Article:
LITERATURE REVIEW AND THEORETICAL FRAMEWORK
2.2 Maternal Mortality
MM is the death of a woman while pregnant or within 42 days after termination of pregnancy, regardless of the duration of the pregnancy, from any cause related to the pregnancy, all accidental causes of death are excluded (WHO, 2019). Because many MM occur late or later than 42 days after termination of pregnancy, some definitions extend the period up to a year after termination of pregnancy (Zozulya, 2010). Although the WHO (2019) definitions have been adopted and accepted, many scholars have reported that other definition’s may as well be included accidental and incidental causes. These include deaths secondary to violence against women that may be related to the pregnancy and be affected by the socio economic and cultural environment. About 10% of MM may occur beyond 42 days after termination of pregnancy or delivery (Apolot, 2018).
Direct obstetric complication has been defined by the International Classification of Diseases (ICD) as those deaths resulting from obstetric complications of the pregnant state (pregnancy, labour, puerperium), from interventions, omissions, incorrect treatment, or from a chain of events resulting from any of them. For example, pre-eclampsia/eclampsia, infection, obstructed labour, unsafe abortion, ectopic pregnancy, hemorrhage, embolism, and anesthesia-related deaths (Organization, 1978). The ICD also defines indirect obstetric deaths as those resulting from previous existing disease or disease that developed during pregnancy and which was not due to direct obstetric causes but was intensified by the biological effects of pregnancy (Organization, 1978). The indirect causes of deaths tend to be fewer in number than direct causes. For example, hepatitis, anemia, malaria, heart disease, tuberculosis, AIDS and tetanus causative factors include all the aspects that influence the care sought and received during pregnancy, childbirth, and the postpartum period. They are less or easier to classify than medical syndromes or diseases but include the following:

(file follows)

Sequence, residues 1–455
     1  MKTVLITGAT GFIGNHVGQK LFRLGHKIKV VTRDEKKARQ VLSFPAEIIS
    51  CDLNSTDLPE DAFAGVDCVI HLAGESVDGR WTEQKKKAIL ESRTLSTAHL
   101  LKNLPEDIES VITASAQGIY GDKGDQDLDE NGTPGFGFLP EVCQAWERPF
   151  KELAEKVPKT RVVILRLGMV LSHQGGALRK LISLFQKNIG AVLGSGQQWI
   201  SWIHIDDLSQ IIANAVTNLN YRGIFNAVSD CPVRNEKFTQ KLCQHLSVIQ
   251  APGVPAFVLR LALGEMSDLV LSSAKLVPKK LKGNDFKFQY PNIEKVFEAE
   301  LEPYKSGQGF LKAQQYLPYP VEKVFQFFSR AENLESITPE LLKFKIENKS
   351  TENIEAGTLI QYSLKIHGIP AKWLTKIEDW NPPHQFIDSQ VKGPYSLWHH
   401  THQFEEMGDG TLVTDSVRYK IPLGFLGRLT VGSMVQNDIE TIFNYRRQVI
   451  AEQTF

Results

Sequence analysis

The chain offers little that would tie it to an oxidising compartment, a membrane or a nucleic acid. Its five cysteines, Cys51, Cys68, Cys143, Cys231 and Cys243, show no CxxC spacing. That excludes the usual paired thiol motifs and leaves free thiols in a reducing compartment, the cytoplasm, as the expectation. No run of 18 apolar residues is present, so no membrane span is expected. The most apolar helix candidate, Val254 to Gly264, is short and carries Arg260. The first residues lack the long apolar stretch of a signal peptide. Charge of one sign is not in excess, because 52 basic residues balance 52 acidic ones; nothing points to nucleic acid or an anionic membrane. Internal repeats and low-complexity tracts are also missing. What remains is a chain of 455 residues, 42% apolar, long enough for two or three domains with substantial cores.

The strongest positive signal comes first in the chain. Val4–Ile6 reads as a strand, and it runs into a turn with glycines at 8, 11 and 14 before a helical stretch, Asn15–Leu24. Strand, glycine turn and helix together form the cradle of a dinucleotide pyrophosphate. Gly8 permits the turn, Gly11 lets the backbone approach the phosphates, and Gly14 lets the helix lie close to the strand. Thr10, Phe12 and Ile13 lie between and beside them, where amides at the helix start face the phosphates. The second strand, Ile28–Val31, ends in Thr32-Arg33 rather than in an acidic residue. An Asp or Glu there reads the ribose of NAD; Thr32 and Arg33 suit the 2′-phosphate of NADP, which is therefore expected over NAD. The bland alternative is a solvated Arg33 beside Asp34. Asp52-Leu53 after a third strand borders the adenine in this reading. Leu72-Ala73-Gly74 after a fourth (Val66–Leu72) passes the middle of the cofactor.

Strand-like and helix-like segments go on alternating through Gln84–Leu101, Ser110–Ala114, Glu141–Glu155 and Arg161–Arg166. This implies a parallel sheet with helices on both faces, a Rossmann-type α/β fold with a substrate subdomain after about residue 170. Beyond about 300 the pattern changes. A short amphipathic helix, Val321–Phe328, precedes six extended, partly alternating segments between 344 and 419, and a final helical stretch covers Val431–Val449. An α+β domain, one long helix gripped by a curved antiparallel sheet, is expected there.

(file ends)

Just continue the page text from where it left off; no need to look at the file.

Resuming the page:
delay in seeking care; delay in arriving at appropriate level of care; delay at the health facility before arrival of the health personnel; the availability and quality of resources at the last level of the health services that was reached; and the availability and quality of the personnel of health services that was reached.
The direct causes of MM accounted of 80% of global MM, and the most common cause of MM is hemorrhage (25%) (Abosse, Woldie, & Ololo, 2010). Other causes include infection (15%), followed by unsafe abortion (13%) and hypertensive disease of pregnancy (pre-eclampsia and eclampsia) (12%). About 5% of pregnant women (7 million women) need surgery; most often a Caesarean section (Hasegawa et. al., 2016) and many do not have access to emergency obstetric care (Neutens, 2015). Although 40% of women give birth in a hospital or health center, only 58% of
women in developing countries deliver with the assistance of a health professional (a midwife or doctor). About 61% of MM take place during delivery or in the immediate post-partum period (Aboagye, Degboe, & Obuobi, 2010).